Lucas Luhr has admitted that he may have been to blame for the #2 Audi's dramatic exit from the Le Mans 24 Hours, even though television footage suggested a mechanical failure may have pitched the car off the road.
At 9-30pm, Luhr left the track entering the Porsche Curves and slammed heavily backwards into the tyre wall. The rear right-hand corner of the R15 was folder at 90-degrees to its original position, and the rear wing was removed completely following the impact, but the German still tried to bring the car back to the pits, before the stewards eventually persuaded him that such a move would be dangerous, both for him and rival competitors.
"I still can't exactly explain the reason for the accident," Luhr admitted, "I braked normally for the Porsche Curves when the rear suddenly stepped out of line. I tried to correct and collect the car, but the sector is simply too fast for this.
"The car spun around before slamming into the tyre barrier very hard [but], even though the Audi was still running, the corner workers didn't allow me to return to the track. We now have to analyse just exactly what happened there, but I'm bitterly sorry for everybody who has worked so hard for this race, and of course especially my team mates."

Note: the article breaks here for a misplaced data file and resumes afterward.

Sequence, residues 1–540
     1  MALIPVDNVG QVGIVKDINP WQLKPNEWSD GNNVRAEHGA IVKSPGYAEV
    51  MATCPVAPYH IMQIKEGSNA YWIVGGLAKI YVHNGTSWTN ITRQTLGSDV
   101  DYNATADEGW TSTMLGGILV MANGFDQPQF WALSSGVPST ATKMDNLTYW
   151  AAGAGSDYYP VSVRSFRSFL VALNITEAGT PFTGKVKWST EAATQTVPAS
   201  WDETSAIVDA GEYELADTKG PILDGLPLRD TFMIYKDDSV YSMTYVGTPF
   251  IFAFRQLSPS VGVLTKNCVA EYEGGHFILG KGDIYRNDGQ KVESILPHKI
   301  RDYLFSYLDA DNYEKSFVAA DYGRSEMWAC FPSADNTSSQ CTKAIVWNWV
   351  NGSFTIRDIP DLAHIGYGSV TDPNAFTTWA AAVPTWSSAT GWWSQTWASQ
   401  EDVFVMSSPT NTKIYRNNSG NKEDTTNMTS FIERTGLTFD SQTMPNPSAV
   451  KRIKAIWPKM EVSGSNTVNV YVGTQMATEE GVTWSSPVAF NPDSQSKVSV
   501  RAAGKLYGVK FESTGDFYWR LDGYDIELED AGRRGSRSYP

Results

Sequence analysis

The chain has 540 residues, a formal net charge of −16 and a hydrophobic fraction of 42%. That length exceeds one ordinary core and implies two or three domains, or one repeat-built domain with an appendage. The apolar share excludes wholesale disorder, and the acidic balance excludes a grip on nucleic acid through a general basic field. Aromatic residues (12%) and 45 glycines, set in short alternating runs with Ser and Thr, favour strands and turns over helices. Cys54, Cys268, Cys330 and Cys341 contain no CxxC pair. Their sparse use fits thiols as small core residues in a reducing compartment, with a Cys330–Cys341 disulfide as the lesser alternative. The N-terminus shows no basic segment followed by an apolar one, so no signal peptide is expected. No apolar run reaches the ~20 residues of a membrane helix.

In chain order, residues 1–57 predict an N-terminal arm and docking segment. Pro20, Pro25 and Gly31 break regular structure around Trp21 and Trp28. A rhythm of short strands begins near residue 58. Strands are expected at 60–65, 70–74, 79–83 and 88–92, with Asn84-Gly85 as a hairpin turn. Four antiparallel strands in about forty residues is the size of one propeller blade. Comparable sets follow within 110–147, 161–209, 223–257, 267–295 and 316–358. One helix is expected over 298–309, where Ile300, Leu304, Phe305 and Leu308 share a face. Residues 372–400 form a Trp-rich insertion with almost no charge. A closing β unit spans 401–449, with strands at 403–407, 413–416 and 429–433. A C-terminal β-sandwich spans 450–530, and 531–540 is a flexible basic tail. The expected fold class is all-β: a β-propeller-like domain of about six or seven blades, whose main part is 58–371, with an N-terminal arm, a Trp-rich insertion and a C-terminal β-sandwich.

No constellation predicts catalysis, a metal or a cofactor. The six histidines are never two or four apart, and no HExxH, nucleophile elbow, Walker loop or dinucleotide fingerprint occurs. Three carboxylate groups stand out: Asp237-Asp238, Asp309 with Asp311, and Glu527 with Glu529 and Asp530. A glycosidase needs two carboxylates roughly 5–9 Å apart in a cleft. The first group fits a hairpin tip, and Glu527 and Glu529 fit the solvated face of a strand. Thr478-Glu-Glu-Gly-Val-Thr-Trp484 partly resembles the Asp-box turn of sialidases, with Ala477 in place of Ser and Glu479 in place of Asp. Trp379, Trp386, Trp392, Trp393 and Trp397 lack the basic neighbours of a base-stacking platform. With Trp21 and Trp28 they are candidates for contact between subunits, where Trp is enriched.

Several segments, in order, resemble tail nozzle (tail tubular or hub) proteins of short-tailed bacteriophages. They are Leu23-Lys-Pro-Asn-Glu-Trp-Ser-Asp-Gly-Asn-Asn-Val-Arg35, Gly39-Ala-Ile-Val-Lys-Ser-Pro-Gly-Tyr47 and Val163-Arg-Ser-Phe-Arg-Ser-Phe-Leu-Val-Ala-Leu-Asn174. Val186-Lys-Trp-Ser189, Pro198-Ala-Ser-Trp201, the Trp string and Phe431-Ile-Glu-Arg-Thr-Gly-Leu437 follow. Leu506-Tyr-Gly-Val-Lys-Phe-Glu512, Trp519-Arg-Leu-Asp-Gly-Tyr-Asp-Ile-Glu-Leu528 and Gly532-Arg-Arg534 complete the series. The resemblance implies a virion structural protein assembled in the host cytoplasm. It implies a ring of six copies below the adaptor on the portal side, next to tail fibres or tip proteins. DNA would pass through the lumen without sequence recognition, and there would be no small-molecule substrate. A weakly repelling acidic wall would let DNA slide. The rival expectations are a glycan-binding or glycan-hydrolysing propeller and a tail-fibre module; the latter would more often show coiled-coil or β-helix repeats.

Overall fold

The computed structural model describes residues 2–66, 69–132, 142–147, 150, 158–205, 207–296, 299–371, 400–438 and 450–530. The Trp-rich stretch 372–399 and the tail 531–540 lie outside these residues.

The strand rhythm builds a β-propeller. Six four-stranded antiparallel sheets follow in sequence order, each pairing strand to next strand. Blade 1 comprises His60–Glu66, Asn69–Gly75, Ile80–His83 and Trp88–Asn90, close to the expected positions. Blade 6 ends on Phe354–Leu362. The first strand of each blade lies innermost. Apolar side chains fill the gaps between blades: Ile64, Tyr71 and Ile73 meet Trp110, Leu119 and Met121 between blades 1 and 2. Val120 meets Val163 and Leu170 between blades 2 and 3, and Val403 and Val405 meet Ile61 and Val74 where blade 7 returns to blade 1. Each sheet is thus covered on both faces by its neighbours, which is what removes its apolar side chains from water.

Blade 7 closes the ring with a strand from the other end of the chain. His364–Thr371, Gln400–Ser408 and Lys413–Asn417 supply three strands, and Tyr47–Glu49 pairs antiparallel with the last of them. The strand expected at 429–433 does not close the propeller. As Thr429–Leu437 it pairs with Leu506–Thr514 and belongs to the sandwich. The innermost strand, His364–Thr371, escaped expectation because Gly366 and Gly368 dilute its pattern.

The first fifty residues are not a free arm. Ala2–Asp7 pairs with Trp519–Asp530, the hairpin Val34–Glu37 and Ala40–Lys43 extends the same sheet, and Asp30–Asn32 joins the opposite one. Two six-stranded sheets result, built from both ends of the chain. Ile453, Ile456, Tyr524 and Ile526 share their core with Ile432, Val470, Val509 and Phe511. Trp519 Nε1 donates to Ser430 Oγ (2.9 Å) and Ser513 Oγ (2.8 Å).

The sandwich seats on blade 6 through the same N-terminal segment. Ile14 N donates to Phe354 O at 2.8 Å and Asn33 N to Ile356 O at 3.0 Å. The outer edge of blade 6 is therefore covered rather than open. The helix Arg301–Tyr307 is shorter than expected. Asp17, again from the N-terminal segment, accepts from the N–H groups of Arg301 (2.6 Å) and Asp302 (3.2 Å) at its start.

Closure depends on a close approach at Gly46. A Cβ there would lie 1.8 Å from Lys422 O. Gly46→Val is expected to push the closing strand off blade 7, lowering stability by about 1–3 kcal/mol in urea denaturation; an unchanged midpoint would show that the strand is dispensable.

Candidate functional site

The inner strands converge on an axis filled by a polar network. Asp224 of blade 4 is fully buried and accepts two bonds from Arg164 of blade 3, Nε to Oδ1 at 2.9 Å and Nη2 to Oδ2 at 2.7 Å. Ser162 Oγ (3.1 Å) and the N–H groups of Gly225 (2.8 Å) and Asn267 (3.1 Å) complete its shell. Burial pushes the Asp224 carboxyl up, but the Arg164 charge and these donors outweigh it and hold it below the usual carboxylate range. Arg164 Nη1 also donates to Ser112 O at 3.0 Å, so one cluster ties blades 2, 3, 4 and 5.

Audi's report on the incident included the claim that 'a technical defect can be excluded', suggesting that it may share Luhr's admission that he could have been to blame.
"Le Mans is the world's toughest race – as many people have unfortunately found out today," veteran Marco Werner commented, "Le Mans has given me a great deal, but sometimes it makes you pay a high price, just like today.
"The guys from Audi and the team have worked incredibly hard throughout the whole week, they never got to bed early once and have invested so much passion in this project. It hurts now to just see how many mechanics are standing here with tears in their eyes. For Lucas and I, Le Mans was the race of the year since we no longer race in the American Le Mans Series - we've had some fantastic years here and had as good as assumed that all the cars would reach the finish in one piece. Today showed us, painfully, that you just simply shouldn't think like this."
Third crew member Mike Rockenfeller had some sympathy for his colleague, recalling how it felt to remove an Audi from contention at Le Mans.
"First and foremost, it is important that Lucas is okay," the young German insisted, "I couldn't believe it at first when I saw the pictures of the accident on the screen. After losing a car myself in difficult conditions during my first Le Mans race for Audi, I had hoped that such a thing would never happen to us again. I was just getting ready for my next stint, and we are all extremely disappointed, since not reaching the finish at Le Mans is the worst possible scenario for a racing driver."
The #2's exit left just one Audi in position to challenge the Peugeots for victory, although the #1 was also struggling to close down the leading #9 908.